'Neglect' duo get community service
Gardai at the home of Evelyn Joel at Cluainn Dara, Enniscorthy following her death in January, 2006. Photograph: Bryan O'Brien.
A couple have been ordered by a judge to do 240 hours community service in lieu of a two-year jail term following their conviction in the first ever case of its kind in Ireland of manslaughter through neglect of a family member.
Eleanor Joel (38) and her partner, Jonathan Costen (40), had been convicted last December by a jury at Wexford Circuit Criminal Court of the unlawful killing through neglect of Joel’s mother, Evelyn (59), on January 7th 2006.
Today, Judge Sean Ó Donnabháin ordered both accused to do 240 hours community service in lieu of a two-year jail term suspended on condition that they be of good behaviour for a period of two years including that they be sober in public at all times
Ms Joel, an MS sufferer, died at Wexford General Hospital on January 7th 2006, having been removed there on New Year’s Day from her daughter’s home at Cluain Dara, Enniscorthy, Co Wexford where she had been found in bed with bed sores and lying in her own excrement.
Imposing sentence, Judge Ó Donnabháin said the evidence of neglect was particularly shocking as he recalled how Ms Joel had deteriorated after moving in with her daughter in 2004 and effectively taking to her bed in November 2005.
“The evidence was gruesome in the extreme – it was evidence of a terminally ill woman abandoned to lie in her own filth in her own room in the accused’s house and it depicted an almost medieval picture of neglect,” he said.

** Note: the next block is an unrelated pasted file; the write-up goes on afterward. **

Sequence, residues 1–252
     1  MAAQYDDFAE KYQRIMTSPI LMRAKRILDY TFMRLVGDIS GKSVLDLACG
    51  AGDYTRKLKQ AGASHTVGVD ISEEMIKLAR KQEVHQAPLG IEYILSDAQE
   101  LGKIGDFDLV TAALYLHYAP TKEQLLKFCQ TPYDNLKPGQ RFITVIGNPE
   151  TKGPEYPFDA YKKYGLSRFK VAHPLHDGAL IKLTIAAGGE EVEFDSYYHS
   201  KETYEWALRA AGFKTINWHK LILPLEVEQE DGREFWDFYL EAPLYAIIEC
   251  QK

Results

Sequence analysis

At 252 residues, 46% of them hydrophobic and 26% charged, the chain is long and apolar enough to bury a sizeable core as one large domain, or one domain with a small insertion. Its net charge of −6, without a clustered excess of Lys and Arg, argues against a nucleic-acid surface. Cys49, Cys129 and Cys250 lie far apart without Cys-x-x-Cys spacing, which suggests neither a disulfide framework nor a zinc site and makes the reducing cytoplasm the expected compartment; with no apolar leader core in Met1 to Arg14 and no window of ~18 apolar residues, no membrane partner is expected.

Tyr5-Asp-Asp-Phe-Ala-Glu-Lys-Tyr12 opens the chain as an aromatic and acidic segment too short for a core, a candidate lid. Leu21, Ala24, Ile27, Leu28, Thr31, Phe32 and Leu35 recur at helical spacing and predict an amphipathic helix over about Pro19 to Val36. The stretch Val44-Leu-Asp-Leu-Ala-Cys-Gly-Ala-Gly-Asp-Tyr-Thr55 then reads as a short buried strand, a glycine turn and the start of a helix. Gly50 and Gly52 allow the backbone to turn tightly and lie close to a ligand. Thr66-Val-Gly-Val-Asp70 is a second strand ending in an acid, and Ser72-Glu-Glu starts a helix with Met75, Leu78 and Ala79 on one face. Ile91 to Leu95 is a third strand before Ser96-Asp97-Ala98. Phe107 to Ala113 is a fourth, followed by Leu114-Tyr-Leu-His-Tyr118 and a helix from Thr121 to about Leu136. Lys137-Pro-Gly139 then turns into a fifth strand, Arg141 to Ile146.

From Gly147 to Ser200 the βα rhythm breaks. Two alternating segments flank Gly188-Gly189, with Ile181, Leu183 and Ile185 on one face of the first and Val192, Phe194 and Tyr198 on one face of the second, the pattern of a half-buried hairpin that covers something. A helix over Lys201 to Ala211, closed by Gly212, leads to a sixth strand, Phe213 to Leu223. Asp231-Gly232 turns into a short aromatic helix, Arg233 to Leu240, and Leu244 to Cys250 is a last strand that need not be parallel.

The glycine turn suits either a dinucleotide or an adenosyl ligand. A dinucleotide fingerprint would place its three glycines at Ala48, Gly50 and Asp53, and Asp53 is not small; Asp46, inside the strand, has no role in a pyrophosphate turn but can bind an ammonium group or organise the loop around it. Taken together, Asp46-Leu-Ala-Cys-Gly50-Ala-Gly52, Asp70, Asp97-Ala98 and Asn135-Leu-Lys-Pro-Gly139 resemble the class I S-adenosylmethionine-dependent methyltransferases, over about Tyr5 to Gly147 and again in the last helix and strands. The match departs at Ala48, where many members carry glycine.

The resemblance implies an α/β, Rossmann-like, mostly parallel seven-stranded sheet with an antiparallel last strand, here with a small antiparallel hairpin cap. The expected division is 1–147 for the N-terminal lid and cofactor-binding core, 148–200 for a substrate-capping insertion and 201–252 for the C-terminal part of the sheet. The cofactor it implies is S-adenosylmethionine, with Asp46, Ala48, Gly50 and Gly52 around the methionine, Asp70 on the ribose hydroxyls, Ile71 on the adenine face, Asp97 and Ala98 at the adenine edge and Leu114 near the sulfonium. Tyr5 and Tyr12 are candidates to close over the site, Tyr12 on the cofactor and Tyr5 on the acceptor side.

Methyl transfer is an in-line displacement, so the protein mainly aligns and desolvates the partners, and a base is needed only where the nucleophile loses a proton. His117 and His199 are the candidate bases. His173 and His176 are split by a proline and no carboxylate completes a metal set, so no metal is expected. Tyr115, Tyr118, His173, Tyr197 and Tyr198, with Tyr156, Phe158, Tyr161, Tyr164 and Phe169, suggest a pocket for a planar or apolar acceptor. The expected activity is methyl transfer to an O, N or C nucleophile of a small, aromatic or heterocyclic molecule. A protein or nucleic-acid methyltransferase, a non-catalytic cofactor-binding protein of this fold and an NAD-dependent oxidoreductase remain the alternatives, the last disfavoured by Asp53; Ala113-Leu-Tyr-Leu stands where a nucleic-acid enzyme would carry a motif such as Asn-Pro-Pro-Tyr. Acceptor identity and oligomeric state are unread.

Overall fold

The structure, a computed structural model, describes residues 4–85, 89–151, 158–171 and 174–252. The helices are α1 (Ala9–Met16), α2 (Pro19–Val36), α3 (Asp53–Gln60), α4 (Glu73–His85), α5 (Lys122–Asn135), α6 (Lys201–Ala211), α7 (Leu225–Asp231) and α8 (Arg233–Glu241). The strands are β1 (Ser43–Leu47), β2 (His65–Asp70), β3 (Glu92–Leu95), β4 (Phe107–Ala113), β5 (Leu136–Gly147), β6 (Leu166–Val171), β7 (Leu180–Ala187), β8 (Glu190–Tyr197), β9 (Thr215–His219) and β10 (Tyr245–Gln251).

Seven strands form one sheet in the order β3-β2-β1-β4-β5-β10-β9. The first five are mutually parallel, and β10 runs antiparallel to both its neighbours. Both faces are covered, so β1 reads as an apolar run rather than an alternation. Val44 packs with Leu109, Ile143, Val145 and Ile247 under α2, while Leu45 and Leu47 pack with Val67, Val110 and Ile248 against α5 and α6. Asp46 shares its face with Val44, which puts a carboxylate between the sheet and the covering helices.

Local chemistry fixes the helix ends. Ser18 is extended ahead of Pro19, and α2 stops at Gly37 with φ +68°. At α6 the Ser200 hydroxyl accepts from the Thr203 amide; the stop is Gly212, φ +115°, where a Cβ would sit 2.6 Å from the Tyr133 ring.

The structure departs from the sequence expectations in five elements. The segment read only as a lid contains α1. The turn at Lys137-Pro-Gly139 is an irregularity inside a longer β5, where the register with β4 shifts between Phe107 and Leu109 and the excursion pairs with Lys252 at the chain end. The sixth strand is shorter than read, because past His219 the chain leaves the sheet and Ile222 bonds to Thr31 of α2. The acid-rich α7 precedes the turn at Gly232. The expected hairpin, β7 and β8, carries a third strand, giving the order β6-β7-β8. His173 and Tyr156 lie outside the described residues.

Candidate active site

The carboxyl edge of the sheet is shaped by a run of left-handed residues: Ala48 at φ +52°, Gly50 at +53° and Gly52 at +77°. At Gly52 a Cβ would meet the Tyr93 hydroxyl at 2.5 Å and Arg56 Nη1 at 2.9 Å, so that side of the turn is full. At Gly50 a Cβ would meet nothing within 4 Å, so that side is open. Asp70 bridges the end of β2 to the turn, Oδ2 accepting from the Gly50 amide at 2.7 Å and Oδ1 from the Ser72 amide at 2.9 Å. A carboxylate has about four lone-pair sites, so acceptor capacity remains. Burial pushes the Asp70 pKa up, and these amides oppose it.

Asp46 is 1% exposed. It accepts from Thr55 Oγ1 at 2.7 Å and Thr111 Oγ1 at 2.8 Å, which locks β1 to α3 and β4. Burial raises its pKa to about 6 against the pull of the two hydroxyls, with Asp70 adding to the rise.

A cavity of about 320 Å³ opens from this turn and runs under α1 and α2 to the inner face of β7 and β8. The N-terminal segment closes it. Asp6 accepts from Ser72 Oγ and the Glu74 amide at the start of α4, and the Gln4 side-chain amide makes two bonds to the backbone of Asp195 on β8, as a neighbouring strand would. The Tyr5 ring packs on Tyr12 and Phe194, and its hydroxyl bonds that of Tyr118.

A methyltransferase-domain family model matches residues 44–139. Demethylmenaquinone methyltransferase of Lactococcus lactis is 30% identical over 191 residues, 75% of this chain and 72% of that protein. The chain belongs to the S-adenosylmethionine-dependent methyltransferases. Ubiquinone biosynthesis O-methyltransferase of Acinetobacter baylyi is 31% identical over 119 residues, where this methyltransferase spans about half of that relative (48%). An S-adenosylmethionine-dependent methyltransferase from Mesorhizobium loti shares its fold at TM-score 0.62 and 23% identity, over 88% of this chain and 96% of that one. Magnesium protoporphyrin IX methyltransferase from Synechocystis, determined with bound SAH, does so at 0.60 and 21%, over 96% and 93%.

He noted that the accused in their defence had sought to portray the state agencies as having abandoned them and to hold the State agencies responsible for what happened but there was no one else who should have been before the courts except the accused.
All the attempts by the defence to hold the HSE and other agencies responsible had been put before the jury who had roundly rejected it by finding the two accused guilty of the single count of manslaughter by neglect by a majority 11-1 verdict.
“It wasn’t rocket science- the neglect was in failing to call for help,” said Judge Ó Donnabháin, adding that he completely rejected “the prolonged efforts by the defence to get someone else into the dock”.
Notwithstanding that, it was true to say that were it not for the co-operation of the accused in making statements detailing Ms Joel’s deterioration over her time living with them, the State would not have been able to bring a successful prosecution against them.
“These people would never have been convicted but for their own statements,... if you were dependent on the State agencies, it (the trial) would never have started ....,” he observed.
Judge Ó Donnabháin heard from a victim impact statement prepared by Ms Joel’s siblings, who described their sister as a “kind and gentle and generous person”, and that they hated what the accused had done to her which they described as “unforgettable and unforgiveable”